For the infectivity-level detection of filtrate samples, the scrapie cell endpoint assay (SCEPA) was used (25–27). Cells growing in 96-well plates are exposed to serial dilutions of input and filtrate samples from experiments 1, 2, and 3, and propagated for several successive cell splits. Dilutions were performed into OFCS so that the final dilution was not less than the equivalent of 10–4 brain homogenate. Dilutions were done so that the total concentration of brain was 10–4 in each inoculum. Samples were kept at 4 °C until cells were infected.

Wells that received only a single infectious unit become extensively infected, as evidenced by the accumulation of PrPSc in many cells in the well. At an appropriate dilution, only a fraction of the wells receive an infectious unit and score positive, and the infectious titer of the starting material can be determined by the Poisson distribution and reference to standard curves.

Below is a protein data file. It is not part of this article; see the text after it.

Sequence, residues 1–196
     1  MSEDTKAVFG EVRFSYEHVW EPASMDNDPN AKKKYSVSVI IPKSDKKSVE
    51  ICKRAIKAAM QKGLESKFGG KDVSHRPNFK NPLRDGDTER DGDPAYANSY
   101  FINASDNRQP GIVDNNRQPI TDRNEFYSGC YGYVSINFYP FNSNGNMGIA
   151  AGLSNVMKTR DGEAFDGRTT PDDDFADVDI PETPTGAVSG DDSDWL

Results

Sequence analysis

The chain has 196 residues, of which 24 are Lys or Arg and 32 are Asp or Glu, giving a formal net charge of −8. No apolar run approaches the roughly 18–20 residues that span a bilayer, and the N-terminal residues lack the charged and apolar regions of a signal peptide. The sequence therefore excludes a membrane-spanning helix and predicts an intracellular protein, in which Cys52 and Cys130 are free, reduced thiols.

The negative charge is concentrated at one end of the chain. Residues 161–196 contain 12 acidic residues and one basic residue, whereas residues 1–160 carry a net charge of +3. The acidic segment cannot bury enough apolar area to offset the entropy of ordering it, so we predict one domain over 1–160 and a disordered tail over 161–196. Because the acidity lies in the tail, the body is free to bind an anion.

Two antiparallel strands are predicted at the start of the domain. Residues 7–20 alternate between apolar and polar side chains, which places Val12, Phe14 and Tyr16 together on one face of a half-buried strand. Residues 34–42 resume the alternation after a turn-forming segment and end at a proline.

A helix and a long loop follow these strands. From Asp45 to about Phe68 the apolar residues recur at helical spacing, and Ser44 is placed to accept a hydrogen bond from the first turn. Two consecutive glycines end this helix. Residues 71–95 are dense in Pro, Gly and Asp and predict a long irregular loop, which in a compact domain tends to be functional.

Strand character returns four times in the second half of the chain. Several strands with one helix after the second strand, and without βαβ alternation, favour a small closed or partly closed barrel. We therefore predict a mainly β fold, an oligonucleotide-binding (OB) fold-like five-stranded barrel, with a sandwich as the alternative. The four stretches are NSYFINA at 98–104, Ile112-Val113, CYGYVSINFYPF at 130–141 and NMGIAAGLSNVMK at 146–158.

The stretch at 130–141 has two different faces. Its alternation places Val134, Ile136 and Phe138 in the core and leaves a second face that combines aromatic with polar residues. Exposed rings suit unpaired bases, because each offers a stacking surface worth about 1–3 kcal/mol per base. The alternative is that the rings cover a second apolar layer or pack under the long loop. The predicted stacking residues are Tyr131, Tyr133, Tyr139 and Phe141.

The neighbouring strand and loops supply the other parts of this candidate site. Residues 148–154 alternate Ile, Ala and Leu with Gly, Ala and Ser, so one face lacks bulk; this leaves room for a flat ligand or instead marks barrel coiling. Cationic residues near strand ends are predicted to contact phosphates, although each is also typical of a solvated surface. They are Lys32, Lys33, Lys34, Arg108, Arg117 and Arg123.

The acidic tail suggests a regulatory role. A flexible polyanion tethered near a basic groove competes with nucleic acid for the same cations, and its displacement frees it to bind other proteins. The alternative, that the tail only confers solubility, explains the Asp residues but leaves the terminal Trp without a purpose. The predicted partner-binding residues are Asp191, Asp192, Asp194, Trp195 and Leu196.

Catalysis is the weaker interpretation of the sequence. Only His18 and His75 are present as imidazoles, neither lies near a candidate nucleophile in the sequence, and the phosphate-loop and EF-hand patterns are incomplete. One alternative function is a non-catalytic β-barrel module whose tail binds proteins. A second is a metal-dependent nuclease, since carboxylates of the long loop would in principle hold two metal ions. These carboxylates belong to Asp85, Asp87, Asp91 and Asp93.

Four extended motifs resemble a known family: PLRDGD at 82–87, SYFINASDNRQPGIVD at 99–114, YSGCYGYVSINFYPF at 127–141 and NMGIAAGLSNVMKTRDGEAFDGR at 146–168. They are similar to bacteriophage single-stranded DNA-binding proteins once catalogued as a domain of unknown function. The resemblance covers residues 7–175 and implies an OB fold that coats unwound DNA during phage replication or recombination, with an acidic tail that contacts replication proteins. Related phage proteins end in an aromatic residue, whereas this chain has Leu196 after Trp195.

Cells used for titration of infectivity

A highly prion-susceptible subclone of mouse neuroblastoma cells (N2A) was used to titrate infectivity. This clone was derived from the original N2A American Type Culture Collection (ATCC) cell line by serial isolation of highly prion-susceptible subclones. Cells were stored in liquid nitrogen, and fresh vials were thawed for each titration assay.

Culturing of cells

Highly susceptible N2A cells were cultured in Optimem-I medium (Invitrogen) containing 10% fetal calf serum (Perbio or Invitrogen) and 1000 units/mL penicillin G sodium and 100 μg/mL streptomycin G (OFCS). Cells were split at least every three days or when confluent at 1:3 to 1:5 dilutions. The medium was exchanged every second day. Cells were grown in an atmosphere of 5% CO2 and saturated humidity at 37°C in a cell-culture incubator.

Preparation of cells for SCEPA